- This idea is obviously not new. L’Etape du Tour by ASO was created 24 years ago to give amateurs the chance to ride the same course as the pros. For logistical reasons, L’Etape is held a few days before the pros come through. However, other races have successfully implemented both on the same day. But there is one important pitfall: the amateurs are not racing in the same field with the pros but are rather treated as second-class. A win of the amateur event is practically worthless and makes the racing farcical (which is why many of these events are just timed bike tours with no emphasis on racing). At GFNY, we implemented the true BE A PRO FOR A DAY concept from the beginning (the term has since been copied by dozens of event organizers, including all of the major ones). But at GFNY, it’s not just lip service or some vague idea. BE A PRO FOR A DAY means exactly that. Every single rider gets the same treatment the pros do.
- “And what happens if the amateur event becomes bigger than the pro race, finances itself rather than swallowing a huge amount of money?”
- The pro race will get scratched. There are already races where that has happened.
- “Allowing pros to compete in granfondos will take away the last competitive race format for the working athlete.”
- For the last two decades, winners of granfondos have often been full-time athletes, while some pro license holders have had to have second jobs to make ends meet. There is a variety of economic conditions that are dictated by the visibility and scale of the sport, and granfondos provide an even playing field for all athletes. The removal of team cars and team tactics levels the competition and allows the racers to dictate and directly influence the outcome of the race.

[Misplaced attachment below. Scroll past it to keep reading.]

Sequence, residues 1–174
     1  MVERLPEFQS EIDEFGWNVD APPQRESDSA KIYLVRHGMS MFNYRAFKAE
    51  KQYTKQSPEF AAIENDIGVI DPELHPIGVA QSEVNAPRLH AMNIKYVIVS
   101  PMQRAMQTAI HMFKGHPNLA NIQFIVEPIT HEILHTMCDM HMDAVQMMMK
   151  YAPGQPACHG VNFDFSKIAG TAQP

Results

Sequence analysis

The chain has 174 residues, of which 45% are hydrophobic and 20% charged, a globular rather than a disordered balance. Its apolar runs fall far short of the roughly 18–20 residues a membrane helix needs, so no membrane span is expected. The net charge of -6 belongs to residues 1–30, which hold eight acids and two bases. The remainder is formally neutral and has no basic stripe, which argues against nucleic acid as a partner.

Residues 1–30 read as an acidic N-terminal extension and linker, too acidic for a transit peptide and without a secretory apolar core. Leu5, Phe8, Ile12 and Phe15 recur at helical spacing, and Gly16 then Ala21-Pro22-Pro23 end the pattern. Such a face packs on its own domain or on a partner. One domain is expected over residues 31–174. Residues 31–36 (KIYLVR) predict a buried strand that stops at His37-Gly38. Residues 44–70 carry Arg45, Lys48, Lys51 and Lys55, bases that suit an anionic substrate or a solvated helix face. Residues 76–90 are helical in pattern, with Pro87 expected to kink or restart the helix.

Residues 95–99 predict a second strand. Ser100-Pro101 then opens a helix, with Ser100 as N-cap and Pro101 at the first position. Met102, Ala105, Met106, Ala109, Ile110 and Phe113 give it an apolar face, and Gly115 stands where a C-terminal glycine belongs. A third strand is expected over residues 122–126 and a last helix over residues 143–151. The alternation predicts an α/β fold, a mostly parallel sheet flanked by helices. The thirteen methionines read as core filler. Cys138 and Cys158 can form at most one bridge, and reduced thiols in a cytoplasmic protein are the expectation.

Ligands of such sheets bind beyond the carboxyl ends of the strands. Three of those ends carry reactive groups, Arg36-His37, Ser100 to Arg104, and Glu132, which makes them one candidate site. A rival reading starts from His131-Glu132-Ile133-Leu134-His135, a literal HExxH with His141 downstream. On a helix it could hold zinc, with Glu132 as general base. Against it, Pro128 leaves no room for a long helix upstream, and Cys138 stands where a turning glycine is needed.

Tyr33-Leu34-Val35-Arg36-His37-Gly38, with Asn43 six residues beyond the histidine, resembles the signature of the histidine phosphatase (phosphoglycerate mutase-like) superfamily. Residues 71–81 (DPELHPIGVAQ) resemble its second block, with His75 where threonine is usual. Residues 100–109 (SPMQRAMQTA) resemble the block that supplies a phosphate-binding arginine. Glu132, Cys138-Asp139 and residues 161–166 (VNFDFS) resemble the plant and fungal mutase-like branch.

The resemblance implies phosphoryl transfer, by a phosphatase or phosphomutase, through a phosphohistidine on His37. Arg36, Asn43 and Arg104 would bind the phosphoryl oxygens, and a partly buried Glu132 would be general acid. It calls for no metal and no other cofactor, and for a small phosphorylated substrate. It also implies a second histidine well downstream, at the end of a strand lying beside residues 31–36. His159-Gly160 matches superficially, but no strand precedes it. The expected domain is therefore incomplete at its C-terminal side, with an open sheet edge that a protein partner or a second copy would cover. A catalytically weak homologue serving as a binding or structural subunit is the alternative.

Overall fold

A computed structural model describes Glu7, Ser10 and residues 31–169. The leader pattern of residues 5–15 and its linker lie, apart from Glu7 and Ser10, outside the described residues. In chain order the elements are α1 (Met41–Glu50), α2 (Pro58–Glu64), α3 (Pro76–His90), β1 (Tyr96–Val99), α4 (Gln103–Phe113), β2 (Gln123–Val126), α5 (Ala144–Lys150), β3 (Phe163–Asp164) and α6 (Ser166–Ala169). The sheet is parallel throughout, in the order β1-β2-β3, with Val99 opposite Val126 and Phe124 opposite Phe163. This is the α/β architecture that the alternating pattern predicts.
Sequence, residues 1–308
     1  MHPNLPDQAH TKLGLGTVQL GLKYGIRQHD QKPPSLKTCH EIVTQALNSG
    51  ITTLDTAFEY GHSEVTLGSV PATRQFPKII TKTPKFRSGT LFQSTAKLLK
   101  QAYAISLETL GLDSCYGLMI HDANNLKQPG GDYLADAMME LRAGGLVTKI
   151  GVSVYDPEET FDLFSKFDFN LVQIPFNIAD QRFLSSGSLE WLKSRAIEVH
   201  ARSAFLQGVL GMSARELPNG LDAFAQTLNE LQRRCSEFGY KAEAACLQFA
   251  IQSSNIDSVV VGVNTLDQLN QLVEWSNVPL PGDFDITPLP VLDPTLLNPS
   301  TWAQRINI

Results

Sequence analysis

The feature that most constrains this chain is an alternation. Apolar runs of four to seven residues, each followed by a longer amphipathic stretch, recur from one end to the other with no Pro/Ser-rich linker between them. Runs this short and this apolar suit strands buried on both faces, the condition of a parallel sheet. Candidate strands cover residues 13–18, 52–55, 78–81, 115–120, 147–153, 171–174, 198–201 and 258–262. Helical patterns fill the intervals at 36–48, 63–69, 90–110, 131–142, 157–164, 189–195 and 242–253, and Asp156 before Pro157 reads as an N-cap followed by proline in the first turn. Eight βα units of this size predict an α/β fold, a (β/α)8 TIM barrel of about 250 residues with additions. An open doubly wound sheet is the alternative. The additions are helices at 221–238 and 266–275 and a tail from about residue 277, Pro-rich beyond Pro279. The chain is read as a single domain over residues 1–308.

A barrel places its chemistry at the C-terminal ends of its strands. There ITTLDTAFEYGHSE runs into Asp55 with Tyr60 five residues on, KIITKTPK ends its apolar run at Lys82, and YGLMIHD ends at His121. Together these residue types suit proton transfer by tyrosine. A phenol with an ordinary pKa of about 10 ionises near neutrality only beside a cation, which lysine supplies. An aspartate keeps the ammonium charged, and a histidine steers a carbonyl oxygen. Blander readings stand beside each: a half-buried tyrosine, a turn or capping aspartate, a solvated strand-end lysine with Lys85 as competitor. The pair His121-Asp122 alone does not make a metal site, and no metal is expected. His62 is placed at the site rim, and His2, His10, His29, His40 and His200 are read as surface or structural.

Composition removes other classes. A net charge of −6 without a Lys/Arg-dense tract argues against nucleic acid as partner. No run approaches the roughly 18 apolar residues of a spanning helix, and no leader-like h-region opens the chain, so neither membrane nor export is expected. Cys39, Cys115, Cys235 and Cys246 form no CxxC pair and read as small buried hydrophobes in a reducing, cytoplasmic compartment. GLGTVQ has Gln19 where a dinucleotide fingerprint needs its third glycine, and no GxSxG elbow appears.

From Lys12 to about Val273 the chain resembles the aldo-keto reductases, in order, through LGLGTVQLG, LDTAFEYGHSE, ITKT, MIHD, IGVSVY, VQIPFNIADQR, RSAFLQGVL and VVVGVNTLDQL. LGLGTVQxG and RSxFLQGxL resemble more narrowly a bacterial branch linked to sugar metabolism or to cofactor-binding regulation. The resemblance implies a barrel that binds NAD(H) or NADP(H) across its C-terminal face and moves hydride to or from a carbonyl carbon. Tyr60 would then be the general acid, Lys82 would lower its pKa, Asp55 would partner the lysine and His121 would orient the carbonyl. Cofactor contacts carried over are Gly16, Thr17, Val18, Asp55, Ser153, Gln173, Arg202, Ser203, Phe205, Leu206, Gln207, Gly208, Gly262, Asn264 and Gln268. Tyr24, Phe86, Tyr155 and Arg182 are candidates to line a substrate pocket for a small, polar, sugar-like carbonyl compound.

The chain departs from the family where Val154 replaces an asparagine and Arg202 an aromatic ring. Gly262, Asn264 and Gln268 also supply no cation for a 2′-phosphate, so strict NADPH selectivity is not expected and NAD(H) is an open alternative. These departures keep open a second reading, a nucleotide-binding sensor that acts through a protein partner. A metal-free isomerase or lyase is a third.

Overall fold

All of this is not to say that granfondo should replace the World Tours, the Monuments, or any of the top-tier races. Rather, we present a concept that will allow racing to thrive, and perhaps create stronger World Tour pros, while pioneering a sustainable future for potential professionals, and the sport overall. There is no need to accept the status quo of second-tier pro and elite amateur racing as it is. Rather, by learning from other endurance sports that have folded the pros in with the amateurs and fans, and by increasing the scale, visibility, and opportunity to develop new racers, granfondo can strengthen the future of pro cycling in a way that no other current format can.
More choices, more scale, more visibility, more racers.
About the author:
Uli Fluhme started following pro cycling in 1983, at 8 years old, when he watched his first Tour with his dad. He started racing himself when he was 16 and has not stopped. His boundless passion for cycling and racing has been a constant through his entire life and led him, together with his wife, Lidia, to create GFNY, the world largest cycling marathon series. He has experienced bike racing as an athlete as well as a race organizer in over 30 countries, for 30 years.